In a recent press conference, Iranian oil minister Bijan Namdar Zangeneh discussed the state of Iran’s oil industry. It is difficult for analysts and traders to assess the true situation for Iran’s oil and gas industry because the country is not always up-front with details.
Even when the government provides information, that information cannot necessarily be taken at face value. However, if Zangeneh’s statements are taken as fact, here are the implications for the Iranian oil industry and global oil markets.
1. Zangeneh told reporters that if/when OPEC ends its production cuts, Iran will be able to raise its oil output by 100,000 barrels per day within five days. According to S&P Global Platts, an official secondary source of OPEC production numbers, Iran produced 3.82 million bpd in December, so this would put Iran at a maximum production capacity of 3.92 million bpd. Back in June 2017, Zangeneh predicted Iran would reach 4 million bpd by March 2018. It seems that Iran will fall short of that goal, but not by much.
2. Zangeneh discussed crude oil swaps with Russia. He denied bartering oil for Russian Sokhoi fighter jets but explained that Russia and Iran are restarting crude oil swaps. Iran has been looking to engage in crude swaps with Russia, Kazakhstan and Turkmenistan in order to supply oil to the northern parts of Iran since August 2017. In return, Iran would supply Russia with oil from the Persian Gulf. According to Zangeneh, the oil swap will be approximately 100,000 bpd.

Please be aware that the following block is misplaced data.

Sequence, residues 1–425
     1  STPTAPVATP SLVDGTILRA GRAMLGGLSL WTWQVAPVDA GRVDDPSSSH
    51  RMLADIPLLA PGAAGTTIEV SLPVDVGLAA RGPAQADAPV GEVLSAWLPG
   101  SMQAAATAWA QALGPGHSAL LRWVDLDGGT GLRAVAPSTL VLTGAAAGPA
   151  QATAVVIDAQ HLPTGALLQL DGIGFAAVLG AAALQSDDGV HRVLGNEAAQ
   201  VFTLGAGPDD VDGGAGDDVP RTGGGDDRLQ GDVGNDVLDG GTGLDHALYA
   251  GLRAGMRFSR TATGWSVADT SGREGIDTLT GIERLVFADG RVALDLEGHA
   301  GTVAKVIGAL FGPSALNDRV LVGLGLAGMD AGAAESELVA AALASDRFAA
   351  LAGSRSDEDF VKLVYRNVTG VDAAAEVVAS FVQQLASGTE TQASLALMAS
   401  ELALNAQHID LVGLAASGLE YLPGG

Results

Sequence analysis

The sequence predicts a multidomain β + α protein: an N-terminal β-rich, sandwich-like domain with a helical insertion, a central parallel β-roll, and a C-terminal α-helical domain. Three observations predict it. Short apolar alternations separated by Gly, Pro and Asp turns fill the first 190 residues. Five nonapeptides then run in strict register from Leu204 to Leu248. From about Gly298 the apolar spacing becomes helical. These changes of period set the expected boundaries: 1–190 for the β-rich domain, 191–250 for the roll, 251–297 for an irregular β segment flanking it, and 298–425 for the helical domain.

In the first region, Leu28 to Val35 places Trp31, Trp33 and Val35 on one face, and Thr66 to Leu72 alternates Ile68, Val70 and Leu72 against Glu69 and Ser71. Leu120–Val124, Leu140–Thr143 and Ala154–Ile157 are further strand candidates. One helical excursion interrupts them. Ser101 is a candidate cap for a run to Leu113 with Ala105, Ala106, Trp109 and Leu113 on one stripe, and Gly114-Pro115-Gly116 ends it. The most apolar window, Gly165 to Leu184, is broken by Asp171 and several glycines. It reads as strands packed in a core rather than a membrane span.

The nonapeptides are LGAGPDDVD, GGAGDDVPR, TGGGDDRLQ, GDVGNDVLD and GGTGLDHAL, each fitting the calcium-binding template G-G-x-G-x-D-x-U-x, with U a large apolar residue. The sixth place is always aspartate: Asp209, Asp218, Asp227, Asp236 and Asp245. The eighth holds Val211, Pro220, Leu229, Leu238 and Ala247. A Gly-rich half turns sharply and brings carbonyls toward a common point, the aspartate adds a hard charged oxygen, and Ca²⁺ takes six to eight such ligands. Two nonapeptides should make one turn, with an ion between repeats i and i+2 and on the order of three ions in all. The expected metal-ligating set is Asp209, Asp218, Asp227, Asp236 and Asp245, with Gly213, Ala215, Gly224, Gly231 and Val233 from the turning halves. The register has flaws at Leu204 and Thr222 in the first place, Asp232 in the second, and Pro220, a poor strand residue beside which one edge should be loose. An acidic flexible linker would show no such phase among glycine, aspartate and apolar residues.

3. Iran has also started crude oil swaps with Iraq. According to Zangeneh, Iran signed an agreement for a 60,000 bpd crude oil swap in which Iraqi crude oil from the Kirkuk area will be trucked over the border to Iran and Iran will provide an equal amount of crude through its facilities in the Persian Gulf. Iran’s motivation for pursuing the crude oil swaps with Iraq and Russia reportedly comes from a lack of oil infrastructure in northern areas of Iran.
4. On Iran’s ongoing negotiations with French oil company Total (NYSE:TOT), Zangeneh said that Total seems serious in its negotiations with Iran. However, the potential for the U.S. to reinstate sanctions on Iran has made the situation “unstable.” So far, Total’s contracts with Iran include a 50% stake in the development of an offshore gas field in Iranian waters. Iran has been suffering a severe natural gas shortage this winter, particularly since Turkmenistan halted its gas exports to Iran.
Although Zangeneh portrayed Iran’s oil and gas situation in a positive light, it is actually somewhat precarious. If the OPEC oil cut restrictions were removed today, Iran could not increase its oil production to a full 4 million bpd, its oil infrastructure is not sufficient to transport oil to areas in northern Iran and its natural gas supplies are not sufficient to provide heat to its citizens. The state of Iran’s oil and gas industry does not appear to match its bravado.
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